"Fiesta" is the Spanish word for festival or holiday. Mexico has several different kinds of festivals, typically celebrated for religious, national and local reasons. The type of celebration varies with the kind of Mexican festival. Generally, there is a party at the end of the celebration, and it is accompanied by traditional Mexican music, usually rendered by a lively local Mariachi band.
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Location and History -- Mexican Lore
Mexico was originally inhabited by native Americans, and their descendants constitute a large part of the country's population today. Mexico was a Spanish colony from the early 16th century to independence in 1821. During the 10-year independence war, and subsequent uprisings and revolutions, a popular democracy was established. Mexico celebrates a number of national holidays commemorating events from the liberation from Spain and subsequent national foundation events.
National Mexican Statutory Holidays
The national holidays are either statutory holidays, when workers are given automatic leave, or civic holidays. The statutory holidays mostly celebrate events relating to the founding of the nation, such as the promulgation of the new constitutions in 1857 and 1917. Independence Day on Sept. 16 and Revolution Day on Nov. 20 are also statutory holidays, as is Dec. 25, which is both a secular and religious holiday in Mexico.
Mexican Civic Holidays
The civic holidays are related to civic events, such as the Army Day, Flag Day, Anniversary of Oil Exploration and Heroic Defense of Veracruz day, which celebrates the victory over the United States. Cinco de Mayo (May 5), which celebrates the victory against the French occupation forces in 1862, is not a major holiday. Many cities and Mexican states also celebrate their own civic holidays with Mexican festivals.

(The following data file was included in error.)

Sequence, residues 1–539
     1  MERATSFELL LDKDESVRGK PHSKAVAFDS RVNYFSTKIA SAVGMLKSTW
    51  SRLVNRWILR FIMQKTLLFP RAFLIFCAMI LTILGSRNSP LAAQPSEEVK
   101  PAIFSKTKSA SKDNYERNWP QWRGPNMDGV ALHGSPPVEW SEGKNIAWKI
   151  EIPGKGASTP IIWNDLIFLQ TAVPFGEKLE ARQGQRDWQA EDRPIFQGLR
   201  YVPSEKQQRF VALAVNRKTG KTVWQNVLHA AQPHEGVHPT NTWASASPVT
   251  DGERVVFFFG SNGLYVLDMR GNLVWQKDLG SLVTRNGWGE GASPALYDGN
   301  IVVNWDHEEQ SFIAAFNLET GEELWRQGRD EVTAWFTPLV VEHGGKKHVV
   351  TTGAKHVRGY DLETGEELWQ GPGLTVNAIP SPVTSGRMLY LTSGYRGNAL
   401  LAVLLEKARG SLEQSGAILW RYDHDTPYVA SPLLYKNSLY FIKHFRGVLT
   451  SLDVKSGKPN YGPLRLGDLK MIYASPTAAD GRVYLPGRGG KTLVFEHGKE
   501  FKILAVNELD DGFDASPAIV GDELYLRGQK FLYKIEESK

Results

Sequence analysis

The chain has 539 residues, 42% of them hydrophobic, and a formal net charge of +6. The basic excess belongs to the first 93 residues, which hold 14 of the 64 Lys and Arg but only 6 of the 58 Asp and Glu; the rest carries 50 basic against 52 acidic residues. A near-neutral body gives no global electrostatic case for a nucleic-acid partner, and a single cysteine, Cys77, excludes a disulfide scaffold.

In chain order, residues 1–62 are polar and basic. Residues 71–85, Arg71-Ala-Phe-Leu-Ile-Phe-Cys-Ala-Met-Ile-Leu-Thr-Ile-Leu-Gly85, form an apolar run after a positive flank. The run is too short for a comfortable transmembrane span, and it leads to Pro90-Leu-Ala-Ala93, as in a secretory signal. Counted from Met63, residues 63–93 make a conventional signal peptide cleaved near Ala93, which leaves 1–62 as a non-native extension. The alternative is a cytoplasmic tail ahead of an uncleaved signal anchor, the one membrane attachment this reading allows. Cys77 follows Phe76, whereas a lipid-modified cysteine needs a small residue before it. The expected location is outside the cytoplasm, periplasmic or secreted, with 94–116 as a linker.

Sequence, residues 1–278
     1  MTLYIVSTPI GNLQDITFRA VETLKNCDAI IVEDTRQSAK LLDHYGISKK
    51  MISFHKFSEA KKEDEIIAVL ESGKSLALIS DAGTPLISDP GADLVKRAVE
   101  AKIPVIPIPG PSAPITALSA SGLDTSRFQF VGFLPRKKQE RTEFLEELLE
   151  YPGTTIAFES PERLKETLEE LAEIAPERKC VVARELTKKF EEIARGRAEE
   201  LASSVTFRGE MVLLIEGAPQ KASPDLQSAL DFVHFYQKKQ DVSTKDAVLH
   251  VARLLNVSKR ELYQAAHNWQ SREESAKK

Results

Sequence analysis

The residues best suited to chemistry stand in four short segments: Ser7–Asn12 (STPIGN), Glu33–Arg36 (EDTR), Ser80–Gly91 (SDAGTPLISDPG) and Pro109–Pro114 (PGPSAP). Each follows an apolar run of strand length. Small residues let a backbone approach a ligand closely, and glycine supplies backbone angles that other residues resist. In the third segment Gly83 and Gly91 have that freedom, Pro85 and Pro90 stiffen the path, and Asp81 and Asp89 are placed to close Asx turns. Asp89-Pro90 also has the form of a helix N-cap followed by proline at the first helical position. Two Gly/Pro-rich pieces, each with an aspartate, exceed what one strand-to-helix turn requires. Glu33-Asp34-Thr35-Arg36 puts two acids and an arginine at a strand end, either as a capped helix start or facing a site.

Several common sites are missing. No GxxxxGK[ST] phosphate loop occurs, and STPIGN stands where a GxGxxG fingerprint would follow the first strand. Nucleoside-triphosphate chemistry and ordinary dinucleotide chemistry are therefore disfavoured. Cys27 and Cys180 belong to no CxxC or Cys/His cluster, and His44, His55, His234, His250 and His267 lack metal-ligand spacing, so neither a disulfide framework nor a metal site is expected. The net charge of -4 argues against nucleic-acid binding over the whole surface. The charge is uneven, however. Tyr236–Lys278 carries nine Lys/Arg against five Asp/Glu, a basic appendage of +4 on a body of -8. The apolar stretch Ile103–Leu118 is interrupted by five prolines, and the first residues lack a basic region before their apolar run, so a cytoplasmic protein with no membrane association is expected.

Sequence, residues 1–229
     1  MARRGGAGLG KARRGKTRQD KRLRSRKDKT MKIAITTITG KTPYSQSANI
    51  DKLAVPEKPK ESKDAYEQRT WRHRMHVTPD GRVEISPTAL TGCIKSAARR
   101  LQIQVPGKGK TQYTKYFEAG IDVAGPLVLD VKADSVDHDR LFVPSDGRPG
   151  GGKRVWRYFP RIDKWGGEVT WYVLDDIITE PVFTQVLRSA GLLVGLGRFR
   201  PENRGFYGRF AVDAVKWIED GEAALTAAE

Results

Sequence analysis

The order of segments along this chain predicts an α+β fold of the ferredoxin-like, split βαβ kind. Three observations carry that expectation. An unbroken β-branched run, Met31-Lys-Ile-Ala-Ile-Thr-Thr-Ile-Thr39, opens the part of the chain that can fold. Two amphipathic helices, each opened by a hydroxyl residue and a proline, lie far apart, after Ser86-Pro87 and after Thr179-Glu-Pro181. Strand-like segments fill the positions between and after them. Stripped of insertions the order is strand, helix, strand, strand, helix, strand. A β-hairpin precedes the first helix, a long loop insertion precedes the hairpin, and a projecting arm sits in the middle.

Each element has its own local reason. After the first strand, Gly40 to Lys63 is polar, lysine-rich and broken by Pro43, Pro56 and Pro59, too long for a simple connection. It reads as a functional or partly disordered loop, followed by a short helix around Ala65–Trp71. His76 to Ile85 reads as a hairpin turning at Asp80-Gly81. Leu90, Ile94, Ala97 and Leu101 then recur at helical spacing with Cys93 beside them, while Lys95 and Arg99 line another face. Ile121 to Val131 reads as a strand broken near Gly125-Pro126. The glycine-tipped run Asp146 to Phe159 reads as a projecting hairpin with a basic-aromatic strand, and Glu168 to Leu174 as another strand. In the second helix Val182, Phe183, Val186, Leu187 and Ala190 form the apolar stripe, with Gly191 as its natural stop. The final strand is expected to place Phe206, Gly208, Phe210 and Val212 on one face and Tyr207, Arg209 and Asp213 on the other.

Religious Festivals in Mexico
The Mexican religious calendar celebrates a number of Catholic religious holidays. Most cities have their own patron saint, who is celebrated with his or her own festival. In particular, Epiphany, Day of the Dead (All Saints Day), Christmas and Holy Week (Easter) are celebrated. The Mexican patron saint, the Virgin of Guadalupe, is celebrated on Dec. 12. Many religious celebrations are colored by the local folk traditions handed down from the native Americans.
Celebrating Mexican Fiestas
Festivals in Mexico, both religious, national and local are celebrated with parades, dancing and music. Civic Mexican festivals are often celebrated with fireworks, in particular those related to events like the foundation of the city or the promulgation of the constitution. The religious holidays are also celebrated by street processions, called posadas, which intend to commemorate the journey of Mary and Joseph to Bethlehem. Carnival is celebrated in February and March, with processions, masquerades and street parties. Religious as well as civic holidays are celebrated with a festive family dinner.
Music and dancing are integral parts of the celebrations, many of which also feature a traditional pinata. This colorful container made from a base of clay or paper contains goodies such as fruits, candies and small toys is particularly popular at parties given for youngsters. The game requires that those in attendance be blindfolded and take turns trying to break open the pinata with a large stick, thereby scattering the treats for all to enjoy.